Russia will increase spending on military equipment by 8 percent to 1.17 trillion rubles ($37.2 billion) in 2010, Putin said in December. President Dmitry Medvedev said the military this year needs more than 30 ballistic missiles, five Iskander air-defense batteries, about 300 “modern” armored vehicles, 30 helicopters, 28 warplanes, three nuclear-powered submarines and a corvette.

The Center for Analysis of Strategies and Technologies publishes Arms Export, a bimonthly journal on the weapons trade and defense industry, and Moscow Defense Brief, which covers Russia’s view on security issues for an international audience. Pukhov sits on the Defense Ministry’s public advisory board.

Georgia War

The center “probably possesses the widest range of information on Russian defense procurement, technologies and arms exports and imports of any Russian research institute,” said Konstantin von Eggert, a Moscow-based political analyst and member of the Royal Institute of International Affairs in London. “It has proven accurate in its analysis.”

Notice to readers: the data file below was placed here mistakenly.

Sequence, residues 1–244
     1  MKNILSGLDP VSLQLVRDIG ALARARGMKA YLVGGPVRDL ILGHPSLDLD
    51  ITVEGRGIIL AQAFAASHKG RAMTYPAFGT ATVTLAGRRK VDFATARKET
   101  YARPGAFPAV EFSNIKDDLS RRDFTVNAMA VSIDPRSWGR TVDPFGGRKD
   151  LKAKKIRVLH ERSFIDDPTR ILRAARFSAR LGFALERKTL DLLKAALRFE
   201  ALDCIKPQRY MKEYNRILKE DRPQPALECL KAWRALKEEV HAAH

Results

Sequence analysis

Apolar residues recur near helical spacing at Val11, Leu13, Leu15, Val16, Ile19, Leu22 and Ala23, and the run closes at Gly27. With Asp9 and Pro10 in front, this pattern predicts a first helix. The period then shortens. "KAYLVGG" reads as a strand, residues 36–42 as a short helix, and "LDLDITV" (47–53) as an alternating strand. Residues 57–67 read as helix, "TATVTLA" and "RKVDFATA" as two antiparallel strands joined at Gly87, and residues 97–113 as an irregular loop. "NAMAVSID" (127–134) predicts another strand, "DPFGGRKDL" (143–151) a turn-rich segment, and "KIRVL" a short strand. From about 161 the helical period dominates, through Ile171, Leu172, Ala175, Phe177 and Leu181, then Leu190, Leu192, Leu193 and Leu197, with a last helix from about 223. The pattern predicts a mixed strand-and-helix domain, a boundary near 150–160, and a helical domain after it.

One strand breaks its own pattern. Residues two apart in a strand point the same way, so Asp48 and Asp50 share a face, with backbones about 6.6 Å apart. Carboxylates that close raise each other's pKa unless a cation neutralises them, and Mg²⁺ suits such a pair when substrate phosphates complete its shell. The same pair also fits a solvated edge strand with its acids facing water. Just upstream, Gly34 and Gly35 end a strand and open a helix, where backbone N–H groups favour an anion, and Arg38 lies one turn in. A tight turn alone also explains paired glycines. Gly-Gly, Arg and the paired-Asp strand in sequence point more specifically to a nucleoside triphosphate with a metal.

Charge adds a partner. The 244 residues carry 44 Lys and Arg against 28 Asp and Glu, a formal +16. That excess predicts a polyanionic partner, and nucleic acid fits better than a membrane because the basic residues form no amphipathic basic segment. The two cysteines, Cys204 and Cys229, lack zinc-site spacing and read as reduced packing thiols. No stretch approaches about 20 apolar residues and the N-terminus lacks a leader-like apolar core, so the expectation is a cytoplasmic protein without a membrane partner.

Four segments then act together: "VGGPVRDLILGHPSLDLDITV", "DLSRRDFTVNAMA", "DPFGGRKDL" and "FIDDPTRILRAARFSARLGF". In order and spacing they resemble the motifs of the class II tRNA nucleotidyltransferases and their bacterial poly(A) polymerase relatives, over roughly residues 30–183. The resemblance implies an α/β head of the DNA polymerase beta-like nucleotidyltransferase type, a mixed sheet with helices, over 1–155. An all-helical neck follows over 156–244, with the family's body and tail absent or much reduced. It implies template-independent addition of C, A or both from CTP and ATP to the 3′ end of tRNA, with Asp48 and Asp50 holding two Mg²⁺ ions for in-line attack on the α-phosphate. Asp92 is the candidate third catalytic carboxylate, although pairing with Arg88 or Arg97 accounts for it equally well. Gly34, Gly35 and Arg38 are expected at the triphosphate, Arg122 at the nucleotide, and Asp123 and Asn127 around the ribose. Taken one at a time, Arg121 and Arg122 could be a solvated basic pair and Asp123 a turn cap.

Medvedev called for an overhaul of the military after the war with Georgia. At least 30 percent of the army’s weapons must be “state-of-the-art” by 2015, he said last month.

“When ordering new weapons and technologies, the army will think first of all about what’s best in terms of personnel safety,” Defense Minister Anatoly Serdyukov said in April.

Russia is still the second-biggest arms exporter, with 23 percent of the market, behind the U.S. at 30 percent, according to the Stockholm institute. Annual shipments more than doubled to $8.6 billion in the past decade, Putin said in February.

The move to buy arms abroad shows “a clear realization” that the defense industry “isn’t ready to supply the armed forces with high-tech, advanced weapons,” von Eggert said.

French Warship

Most of Russia’s purchases will be made in North Atlantic Treaty Organization countries, indicating a shift in Russia’s relationship with the alliance, Pukhov said.